Medical Delta courses fill the lecture halls

Thursday, September 5, 2019

At the start of the academic year, it appears that the Bachelor’s programs in Clinical Technology, Life Sciences & Technology, Molecular Science & Technology and Nanobiology are popular with students. Many students have applied for the programs, which were created within Medical Delta. They can be seen as ‘typical Medical Delta’ as the programs were set up through interdisciplinary collaboration and combine various scientific courses.

In the new academic year, a maximum of one hundred students are accepted on the Nanobiology course, a joint degree from TU Delft and Erasmus University Rotterdam. Just as many students applied for the Clinical Technology program at TU Delft, Leiden University (LUMC) and Erasmus University Rotterdam. Life Sciences & Technology, a course run by Leiden University and TU Delft, has had approximately 180 registrations, as has the Molecular Science & Technology course at Leiden University and TU Delft.

First Technical Medicine graduates expected next year

More than fifty students have started the first year of the Master's degree in Technical Medicine, run by TU Delft, Leiden University, Erasmus University and EMC and LUMC. More than thirty students have started internships in their second year of the course. During these internships, the students work on a short technical-medical investigation, which gives them an opportunity to become proficient in the entire treatment process. The first fifteen Technical Medicine students started their final year; the first graduates are expected in August 2020.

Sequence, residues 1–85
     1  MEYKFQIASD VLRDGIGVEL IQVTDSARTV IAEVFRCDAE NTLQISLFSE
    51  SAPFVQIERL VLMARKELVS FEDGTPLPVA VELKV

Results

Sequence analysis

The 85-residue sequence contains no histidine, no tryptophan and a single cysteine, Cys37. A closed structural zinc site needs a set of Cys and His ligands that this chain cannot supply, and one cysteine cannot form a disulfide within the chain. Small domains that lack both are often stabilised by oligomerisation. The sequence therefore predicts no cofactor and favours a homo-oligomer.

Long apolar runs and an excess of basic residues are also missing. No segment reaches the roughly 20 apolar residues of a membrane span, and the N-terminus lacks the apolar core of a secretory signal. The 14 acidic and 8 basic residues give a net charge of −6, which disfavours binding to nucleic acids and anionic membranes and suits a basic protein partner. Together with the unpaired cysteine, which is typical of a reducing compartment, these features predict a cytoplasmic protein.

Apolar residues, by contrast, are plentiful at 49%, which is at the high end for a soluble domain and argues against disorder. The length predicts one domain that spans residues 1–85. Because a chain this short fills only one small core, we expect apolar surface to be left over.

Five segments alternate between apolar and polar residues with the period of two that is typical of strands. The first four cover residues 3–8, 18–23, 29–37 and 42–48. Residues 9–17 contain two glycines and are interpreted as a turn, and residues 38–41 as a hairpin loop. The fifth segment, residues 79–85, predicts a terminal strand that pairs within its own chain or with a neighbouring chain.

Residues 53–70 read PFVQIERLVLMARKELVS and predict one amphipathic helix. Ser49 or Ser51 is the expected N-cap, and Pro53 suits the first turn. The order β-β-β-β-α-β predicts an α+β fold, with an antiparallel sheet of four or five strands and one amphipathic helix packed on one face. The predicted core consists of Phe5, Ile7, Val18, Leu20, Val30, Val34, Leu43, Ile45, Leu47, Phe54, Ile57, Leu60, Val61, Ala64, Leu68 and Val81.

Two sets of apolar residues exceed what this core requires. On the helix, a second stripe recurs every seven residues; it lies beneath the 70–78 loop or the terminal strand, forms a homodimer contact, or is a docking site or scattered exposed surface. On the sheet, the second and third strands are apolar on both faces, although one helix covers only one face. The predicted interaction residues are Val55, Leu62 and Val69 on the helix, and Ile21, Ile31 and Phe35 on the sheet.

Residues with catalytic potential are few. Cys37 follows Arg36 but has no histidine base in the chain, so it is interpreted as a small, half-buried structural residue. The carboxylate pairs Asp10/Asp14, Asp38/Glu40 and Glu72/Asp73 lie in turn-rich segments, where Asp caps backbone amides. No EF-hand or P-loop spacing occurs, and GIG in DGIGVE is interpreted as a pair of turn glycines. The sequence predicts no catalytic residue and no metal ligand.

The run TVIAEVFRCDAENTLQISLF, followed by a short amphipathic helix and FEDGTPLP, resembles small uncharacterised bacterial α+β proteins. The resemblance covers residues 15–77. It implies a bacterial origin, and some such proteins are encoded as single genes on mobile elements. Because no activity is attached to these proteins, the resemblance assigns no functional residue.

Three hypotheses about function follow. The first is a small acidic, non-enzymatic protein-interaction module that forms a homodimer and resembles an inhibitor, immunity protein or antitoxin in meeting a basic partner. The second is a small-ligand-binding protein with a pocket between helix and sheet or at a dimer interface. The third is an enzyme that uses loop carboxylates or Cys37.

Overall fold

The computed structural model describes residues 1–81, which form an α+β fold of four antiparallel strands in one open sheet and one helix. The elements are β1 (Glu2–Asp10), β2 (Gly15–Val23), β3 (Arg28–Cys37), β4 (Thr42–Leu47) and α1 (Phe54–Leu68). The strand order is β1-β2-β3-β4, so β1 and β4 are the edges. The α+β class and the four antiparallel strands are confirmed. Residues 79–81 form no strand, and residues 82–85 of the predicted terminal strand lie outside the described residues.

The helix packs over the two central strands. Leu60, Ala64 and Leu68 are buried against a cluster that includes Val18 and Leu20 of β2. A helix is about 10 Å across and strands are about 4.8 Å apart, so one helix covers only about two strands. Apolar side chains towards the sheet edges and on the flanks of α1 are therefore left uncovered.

Content of Bachelor’s programs

The Clinical Technology course is designed to train a new kind of medical professional: someone with medical and technical knowledge, who bridges the gap between technology and patient. As of this year, technical medical specialists will also receive full BIG registration.

In Life Sciences & Technology, the fields of mathematics, chemistry, physics and biology are combined to study the living cell. Students learn to understand how the cell is structured and how processes that take place inside the cell lead to health or illness, for example. This approach also supports the development of applications that influence cell function.

Molecular Science & Technology is the only program in The Netherlands that combines chemistry and chemical technology. Students learn to unravel the structures and properties of molecules and understand the fundamental, industrial and social facets of chemistry.

The Nanobiology course features the development of methods and techniques for detecting heart failure before it causes disease, or a microscope that enables the better analysis of crucial molecules in living cells. It bridges mathematics, physics, nanophysics, biology and medical research. Enrollment on the Master’s course is currently at about forty students – and growing.

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